In announcing the ban, NASCAR issued the following statement: “The presence of the Confederate flag at NASCAR events runs contrary to our commitment to providing a welcoming and inclusive environment for all fans, our competitors and our industry. Bringing people together around a love for racing and the community that it creates is what makes our fans and sport special.”
The move to ban the flag comes amid a flurry of efforts to dismantle contentious symbols and statues as the nation comes to grips with the May 25 death of George Floyd and calls for racial justice after the unarmed black man was killed while in police custody in Minneapolis. In Alexandria, Va., city officials directed the removal of a bronze statue of a Confederate soldier “Appomattox,” while in Montgomery, Ala., demonstrators removed a statue of Gen. Robert E. Lee themselves. Similar scenes have played out on college campuses and in public squares of other Southern cities.
Within hours of NASCAR’s announcement, Wallace, 26, a Mobile native, strapped into a No. 43 Chevrolet with a paint scheme that proclaimed “#BlackLivesMatter” to compete in Wednesday’s 500-lap race at Martinsville (Va.) Speedway.
With no spectators allowed at NASCAR races because of precautions against the spread of the novel coronavirus, the sport’s officials were not tasked with enforcing the ban or confiscating any Confederate flags Wednesday. The #BlackLivesMatter Chevy and field of 39 other racecars competed in front of a televised audience only, so there was no immediate gauge of fan response.
For NASCAR, banning the Confederate flag, which many of its core fans have flown from their infield RVs and motor homes at several of its Southern tracks, though in lesser numbers in recent years, was a stunning step.
Its brand of stock-car racing sprang from hardscrabble Southern dirt tracks and a tradition of moonshine running in the Appalachian foothills.
Throughout NASCAR’s early decades, the Confederate flag was a proud part of the race-day fabric, particularly at Southern tracks such as Talladega (Ala.) Superspeedway and Darlington (S.C.) Raceway, where a costumed rebel soldier customarily joined the winning driver and race-day beauty queen in Victory Lane.
In 2015, then-NASCAR chairman Brian France, whose grandfather formed the National Association for Stock Car Auto Racing in 1948, urged fans to refrain from displaying Confederate flags at the sport’s tracks following the shooting death of nine African Americans at a South Carolina church.
Dale Earnhardt Jr., then the sport’s most popular driver, spoke out against displays of the flag as well.
“I think it’s offensive to an entire race,” Earnhardt said at the time. “It does nothing for anybody to be there flying, so I don’t see any reason. It belongs in the history books, and that’s about it."
While NASCAR prohibited use of the Confederate flag on its racecars and licensed merchandise, France’s initiative to discourage fans from displaying it lacked teeth and riled many core fans who argued that the Confederate flag was a symbol of a proud heritage rather than a symbol of racism, slavery and oppression.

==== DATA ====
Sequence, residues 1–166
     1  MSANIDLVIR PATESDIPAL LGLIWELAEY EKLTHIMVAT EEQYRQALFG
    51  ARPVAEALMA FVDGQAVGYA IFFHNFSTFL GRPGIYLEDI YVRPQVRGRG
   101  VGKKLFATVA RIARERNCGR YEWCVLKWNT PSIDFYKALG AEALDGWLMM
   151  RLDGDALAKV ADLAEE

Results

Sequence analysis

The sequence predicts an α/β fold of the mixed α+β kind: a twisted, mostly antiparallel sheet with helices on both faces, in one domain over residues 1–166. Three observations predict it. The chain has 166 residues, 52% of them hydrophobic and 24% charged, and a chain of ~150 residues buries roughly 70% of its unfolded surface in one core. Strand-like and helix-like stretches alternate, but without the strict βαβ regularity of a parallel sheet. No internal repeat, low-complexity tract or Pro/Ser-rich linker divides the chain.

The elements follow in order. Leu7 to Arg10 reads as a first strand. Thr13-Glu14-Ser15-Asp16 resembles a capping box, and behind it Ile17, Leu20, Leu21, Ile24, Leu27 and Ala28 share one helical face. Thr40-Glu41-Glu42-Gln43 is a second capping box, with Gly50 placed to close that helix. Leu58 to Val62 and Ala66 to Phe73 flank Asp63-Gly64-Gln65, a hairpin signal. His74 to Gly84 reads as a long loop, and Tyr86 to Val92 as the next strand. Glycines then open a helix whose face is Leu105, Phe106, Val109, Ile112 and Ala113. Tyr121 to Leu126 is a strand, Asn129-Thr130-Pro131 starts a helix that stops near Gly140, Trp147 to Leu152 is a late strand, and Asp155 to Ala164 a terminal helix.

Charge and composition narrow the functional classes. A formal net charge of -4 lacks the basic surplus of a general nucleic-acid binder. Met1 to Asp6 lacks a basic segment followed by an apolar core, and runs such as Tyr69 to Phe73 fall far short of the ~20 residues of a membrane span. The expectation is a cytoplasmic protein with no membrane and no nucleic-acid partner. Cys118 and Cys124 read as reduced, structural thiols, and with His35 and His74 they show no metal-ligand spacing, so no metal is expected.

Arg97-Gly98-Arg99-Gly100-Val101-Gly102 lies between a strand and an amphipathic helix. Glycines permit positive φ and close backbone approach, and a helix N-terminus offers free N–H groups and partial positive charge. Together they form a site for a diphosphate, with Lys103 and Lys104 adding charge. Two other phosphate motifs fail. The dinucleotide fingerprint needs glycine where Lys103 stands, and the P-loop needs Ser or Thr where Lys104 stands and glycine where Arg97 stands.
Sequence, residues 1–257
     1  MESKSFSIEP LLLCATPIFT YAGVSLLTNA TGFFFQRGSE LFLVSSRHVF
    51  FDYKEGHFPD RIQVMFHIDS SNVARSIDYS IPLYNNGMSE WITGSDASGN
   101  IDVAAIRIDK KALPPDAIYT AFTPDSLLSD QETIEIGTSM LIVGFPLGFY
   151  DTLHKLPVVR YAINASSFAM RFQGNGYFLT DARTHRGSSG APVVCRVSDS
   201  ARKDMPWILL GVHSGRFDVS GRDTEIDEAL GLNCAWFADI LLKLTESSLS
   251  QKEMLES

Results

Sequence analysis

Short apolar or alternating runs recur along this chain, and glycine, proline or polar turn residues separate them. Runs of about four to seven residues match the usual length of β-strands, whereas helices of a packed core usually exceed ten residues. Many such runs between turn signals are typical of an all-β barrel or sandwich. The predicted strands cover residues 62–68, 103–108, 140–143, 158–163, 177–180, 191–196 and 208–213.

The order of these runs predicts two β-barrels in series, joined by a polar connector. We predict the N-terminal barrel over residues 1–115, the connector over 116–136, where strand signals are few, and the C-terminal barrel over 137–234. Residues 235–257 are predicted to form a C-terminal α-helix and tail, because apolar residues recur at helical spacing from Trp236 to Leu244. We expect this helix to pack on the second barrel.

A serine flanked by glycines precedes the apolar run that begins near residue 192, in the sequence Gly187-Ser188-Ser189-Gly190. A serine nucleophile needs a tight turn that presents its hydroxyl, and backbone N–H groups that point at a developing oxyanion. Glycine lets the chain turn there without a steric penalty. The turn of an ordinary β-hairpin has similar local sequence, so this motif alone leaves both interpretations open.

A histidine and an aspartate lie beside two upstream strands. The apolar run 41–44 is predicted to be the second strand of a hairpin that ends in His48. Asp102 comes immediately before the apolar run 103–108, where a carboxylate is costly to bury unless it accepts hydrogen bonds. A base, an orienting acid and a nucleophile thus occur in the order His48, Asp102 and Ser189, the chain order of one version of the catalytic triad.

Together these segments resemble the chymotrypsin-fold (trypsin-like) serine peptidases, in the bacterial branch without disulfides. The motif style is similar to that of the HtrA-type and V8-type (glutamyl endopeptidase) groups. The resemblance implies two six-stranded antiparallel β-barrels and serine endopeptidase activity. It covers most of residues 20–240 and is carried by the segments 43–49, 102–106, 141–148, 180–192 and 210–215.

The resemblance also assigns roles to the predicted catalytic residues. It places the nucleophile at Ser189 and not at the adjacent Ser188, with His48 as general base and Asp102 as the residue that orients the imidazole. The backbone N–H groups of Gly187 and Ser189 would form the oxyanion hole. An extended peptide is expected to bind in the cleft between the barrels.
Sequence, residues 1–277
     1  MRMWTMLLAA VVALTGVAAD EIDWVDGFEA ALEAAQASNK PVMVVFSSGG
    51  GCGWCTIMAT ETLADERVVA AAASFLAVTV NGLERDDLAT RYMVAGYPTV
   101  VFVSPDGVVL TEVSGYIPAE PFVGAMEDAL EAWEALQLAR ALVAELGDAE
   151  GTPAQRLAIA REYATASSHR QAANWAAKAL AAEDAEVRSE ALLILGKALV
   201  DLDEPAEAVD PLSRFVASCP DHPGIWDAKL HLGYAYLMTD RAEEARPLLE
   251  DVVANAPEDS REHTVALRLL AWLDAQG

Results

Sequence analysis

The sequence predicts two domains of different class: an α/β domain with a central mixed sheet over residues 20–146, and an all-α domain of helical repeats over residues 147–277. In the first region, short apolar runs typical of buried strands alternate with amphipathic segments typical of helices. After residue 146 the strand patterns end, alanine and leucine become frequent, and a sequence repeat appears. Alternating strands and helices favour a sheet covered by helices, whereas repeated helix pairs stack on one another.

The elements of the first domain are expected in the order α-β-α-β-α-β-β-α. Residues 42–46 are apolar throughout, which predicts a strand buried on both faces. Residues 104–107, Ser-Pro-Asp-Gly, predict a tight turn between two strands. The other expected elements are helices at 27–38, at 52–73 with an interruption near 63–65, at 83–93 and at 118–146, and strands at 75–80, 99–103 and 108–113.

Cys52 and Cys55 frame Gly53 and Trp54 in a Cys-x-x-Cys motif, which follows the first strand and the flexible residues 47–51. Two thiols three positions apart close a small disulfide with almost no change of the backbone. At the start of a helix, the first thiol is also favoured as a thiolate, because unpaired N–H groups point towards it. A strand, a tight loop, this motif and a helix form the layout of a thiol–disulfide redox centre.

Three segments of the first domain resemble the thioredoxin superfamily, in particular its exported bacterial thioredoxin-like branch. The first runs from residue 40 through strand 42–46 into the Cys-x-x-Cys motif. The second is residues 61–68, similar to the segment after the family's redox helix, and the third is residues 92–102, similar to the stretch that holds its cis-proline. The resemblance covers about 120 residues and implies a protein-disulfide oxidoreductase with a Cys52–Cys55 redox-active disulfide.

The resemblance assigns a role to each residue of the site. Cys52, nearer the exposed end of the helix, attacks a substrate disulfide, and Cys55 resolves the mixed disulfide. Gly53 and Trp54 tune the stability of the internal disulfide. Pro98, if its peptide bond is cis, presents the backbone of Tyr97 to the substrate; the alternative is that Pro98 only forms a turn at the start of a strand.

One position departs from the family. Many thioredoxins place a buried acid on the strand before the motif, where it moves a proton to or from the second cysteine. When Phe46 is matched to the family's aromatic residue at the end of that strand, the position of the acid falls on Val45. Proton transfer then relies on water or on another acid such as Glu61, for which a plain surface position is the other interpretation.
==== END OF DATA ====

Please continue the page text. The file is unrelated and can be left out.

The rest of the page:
But the death of Floyd and the subsequent protests throughout the country calling for racial justice and an end to police brutality proved a pivot point for NASCAR.
It is the latest major sport to respond in some fashion in recent weeks.
NFL Commissioner Roger Goodell acknowledged Friday that the league had erred in ignoring players who spoke out against police brutality and racial injustice and, in a stark reversal, encouraged players to speak out.
“I personally protest with you and want to be part of the much-needed change in this country,” Goodell said. “We, the National Football League, admit we were wrong for not listening to NFL players earlier and encourage all to speak out and peacefully protest. We, the National Football League, believe black lives matter.”
The U.S. Soccer Federation voted Tuesday to repeal its 2017 policy requiring players to “stand respectfully” during the national anthem, following calls from its national teams. That policy was instituted after midfielder Megan Rapinoe took a knee during the anthem before a 2016 U.S. match against Thailand to express her solidarity with former San Francisco 49ers quarterback Colin Kaepernick’s silent protest of racial injustice and police brutality.
During the broadcast of Sunday’s NASCAR race from Atlanta Motor Speedway, several prominent drivers, including seven-time Cup Series champion Jimmie Johnson, added their voices to the growing number of athletes speaking out for racial justice via videotaped messages.
Wallace was part of that video appealing to NASCAR fans and said, “We are trying to deliver the message across: Listen and learn.”
During the interview Monday on CNN, Wallace called for his sport to go a step further.
“My next step would be to get rid of all Confederate flags,” Wallace said. “No one should feel uncomfortable when they come to a NASCAR race. So it starts with Confederate flags. Get them out of here. They have no place for them."
Meanwhile, President Trump said Wednesday that he would “not even consider” growing calls to rename U.S. military bases that honor Confederate generals. “Our history as the Greatest Nation in the World will not be tampered with,” Trump tweeted.
For many NASCAR fans, Trump is a hero. He was greeted with rousing cheers at the season-opening Daytona 500 in February, where he served as the race’s Grand Marshal, circled Daytona International Speedway in his black presidential limousine, gave a prerace speech and issued the command, “Gentlemen, start your engines.”